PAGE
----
I made the mistake of trying to update my KDE packages on my HTPC. I swear if I even look at it wrong, then something breaks. Kubuntu 9.10. So I updated to some newer KDE packages, which caused it to freeze at the KDE boot screen. After fighting with apt-get to update for several days, I got that straightened out, but of course that lead to problems with fglrx. This turned out to be a nightmare, and I've spent my Saturday night fighting it. Finally get KDE working, but now I have no mouse pointer; the mouse works, I just can't tell where it is on screen. Yay!! More fglrx problems, which took me an hour to determine. I downloaded 10.3 and got it installed, so I have a working mouse pointer again. However, I have under-scan problems.
Amdcccle used to have a nice tool to correct overscan, which I really liked; however, the slider is not visible anymore. I'm not sure if the feature was removed, or there is an error with my config. I think the problem may be that amdcccle classifies my Panasonic plasma as a projector (although it does identify it as "Panasonic-TV" and sets resolution correctly). I tried looking through the aticonfig options, but couldn't find anything that related to non-TV-out overscan.
DVI out(htpc)-->DVI cable-->HDMI adapter-->HDMI in(TV)
Is there a way that I can force amdcccle to give me the "HDTV options" tab for a projector, or force it to reclassify my TV as a TV? Or can I use aticonfig?
AFAIK the fglrx driver looks for an HDMI interconnect and one of the standard HDTV timings from EDID info. I was under the impression that it could recognize a DVI=>HDMI link when using an ATI-supplied adapter connected to the DVI connector - I suspect the issue here is that you have the DVI/HDMI adapter on the far end of an HDMI cable and so the card isn't able to recognize the HDMI-ness of your device. That's just a guess though... any chance you could borrow an HDMI cable and try with the adapter connected directly to the card ?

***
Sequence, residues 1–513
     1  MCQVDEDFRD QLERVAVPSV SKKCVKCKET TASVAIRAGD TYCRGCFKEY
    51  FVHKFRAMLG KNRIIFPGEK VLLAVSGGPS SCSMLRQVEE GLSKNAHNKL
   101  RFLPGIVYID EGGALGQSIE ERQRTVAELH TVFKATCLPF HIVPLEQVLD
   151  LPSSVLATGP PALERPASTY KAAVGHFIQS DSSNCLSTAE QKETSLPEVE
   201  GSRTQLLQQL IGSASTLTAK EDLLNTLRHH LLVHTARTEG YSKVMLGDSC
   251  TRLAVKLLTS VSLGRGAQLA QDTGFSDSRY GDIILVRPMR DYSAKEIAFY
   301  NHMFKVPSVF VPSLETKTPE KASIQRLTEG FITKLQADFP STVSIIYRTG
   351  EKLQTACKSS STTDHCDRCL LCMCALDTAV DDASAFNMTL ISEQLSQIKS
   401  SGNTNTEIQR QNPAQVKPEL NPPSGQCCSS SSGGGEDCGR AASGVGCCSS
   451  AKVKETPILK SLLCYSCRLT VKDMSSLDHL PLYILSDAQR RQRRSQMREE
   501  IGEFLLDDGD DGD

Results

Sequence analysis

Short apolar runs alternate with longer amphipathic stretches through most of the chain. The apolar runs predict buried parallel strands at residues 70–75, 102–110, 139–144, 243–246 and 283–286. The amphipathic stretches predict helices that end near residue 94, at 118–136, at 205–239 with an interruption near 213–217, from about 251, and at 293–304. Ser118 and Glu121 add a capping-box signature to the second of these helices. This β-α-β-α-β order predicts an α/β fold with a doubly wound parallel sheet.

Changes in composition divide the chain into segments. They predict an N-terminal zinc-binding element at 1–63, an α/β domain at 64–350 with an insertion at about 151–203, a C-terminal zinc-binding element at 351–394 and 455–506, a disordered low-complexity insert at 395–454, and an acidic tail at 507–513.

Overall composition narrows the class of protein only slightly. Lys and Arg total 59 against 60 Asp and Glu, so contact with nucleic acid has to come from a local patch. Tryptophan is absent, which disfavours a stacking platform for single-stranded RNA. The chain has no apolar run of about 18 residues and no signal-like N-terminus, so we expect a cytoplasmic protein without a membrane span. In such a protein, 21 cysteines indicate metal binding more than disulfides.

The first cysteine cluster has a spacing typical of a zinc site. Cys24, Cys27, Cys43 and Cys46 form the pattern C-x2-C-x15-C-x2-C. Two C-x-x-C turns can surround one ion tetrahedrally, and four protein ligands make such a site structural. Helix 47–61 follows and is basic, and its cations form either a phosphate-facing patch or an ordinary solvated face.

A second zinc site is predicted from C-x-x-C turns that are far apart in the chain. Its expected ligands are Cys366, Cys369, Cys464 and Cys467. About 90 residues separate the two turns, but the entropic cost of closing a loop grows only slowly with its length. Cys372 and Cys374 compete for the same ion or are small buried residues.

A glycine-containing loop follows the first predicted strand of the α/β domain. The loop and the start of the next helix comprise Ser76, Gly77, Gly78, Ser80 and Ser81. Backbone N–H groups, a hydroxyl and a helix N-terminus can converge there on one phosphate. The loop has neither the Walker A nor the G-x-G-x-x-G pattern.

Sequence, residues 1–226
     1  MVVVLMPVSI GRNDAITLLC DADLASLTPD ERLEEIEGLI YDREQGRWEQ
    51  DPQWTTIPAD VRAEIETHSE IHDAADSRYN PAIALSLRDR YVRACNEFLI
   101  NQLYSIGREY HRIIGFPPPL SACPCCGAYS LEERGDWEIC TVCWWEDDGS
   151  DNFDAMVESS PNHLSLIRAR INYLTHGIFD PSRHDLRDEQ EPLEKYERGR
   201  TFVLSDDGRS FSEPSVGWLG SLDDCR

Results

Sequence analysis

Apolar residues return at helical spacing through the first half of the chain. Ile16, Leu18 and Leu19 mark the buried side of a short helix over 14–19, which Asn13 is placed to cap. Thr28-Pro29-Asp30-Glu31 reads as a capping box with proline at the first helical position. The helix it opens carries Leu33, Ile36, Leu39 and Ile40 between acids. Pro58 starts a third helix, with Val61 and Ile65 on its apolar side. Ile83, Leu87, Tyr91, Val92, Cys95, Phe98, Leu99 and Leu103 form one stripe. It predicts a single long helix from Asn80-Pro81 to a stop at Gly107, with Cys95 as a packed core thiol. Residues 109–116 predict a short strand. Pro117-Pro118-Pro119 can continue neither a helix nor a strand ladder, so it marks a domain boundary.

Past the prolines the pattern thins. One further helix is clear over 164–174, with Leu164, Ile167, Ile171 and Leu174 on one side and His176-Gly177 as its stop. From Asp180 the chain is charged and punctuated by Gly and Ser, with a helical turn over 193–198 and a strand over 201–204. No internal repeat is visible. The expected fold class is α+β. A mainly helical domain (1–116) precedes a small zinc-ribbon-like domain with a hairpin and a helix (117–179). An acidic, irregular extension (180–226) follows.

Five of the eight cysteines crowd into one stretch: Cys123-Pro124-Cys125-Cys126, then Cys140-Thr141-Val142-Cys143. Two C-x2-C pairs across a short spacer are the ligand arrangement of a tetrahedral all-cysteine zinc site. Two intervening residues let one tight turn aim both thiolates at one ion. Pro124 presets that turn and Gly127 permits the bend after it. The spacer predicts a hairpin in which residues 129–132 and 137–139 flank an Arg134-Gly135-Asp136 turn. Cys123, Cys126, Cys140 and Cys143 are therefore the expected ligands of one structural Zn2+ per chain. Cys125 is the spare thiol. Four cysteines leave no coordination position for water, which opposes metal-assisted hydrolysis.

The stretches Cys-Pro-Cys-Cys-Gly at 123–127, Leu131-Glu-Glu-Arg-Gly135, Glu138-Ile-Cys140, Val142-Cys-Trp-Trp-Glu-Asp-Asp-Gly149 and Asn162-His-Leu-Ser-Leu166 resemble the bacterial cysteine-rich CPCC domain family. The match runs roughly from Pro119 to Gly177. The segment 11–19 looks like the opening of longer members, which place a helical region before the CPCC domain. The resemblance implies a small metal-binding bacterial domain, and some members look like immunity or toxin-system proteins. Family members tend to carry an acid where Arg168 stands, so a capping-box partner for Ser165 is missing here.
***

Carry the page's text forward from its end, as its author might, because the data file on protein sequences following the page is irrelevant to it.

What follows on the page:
Most TVs only expose EDID info for "TV timings", ie the industry standard timings for 720p, 1080i and 1080p. Those TVs normally get recognized as HD TVs. Regular displays may expose EDID info for modes which run at the same resolution but with different timing. Those do *not* get recognized as TVs and the overscan logic does not kick in.
If you have a device which offers both computer and consumer HDTV timings via EDID I don't know what happens. I'm wondering if that's what you have.
What does the manual for your TV say about supported timings ?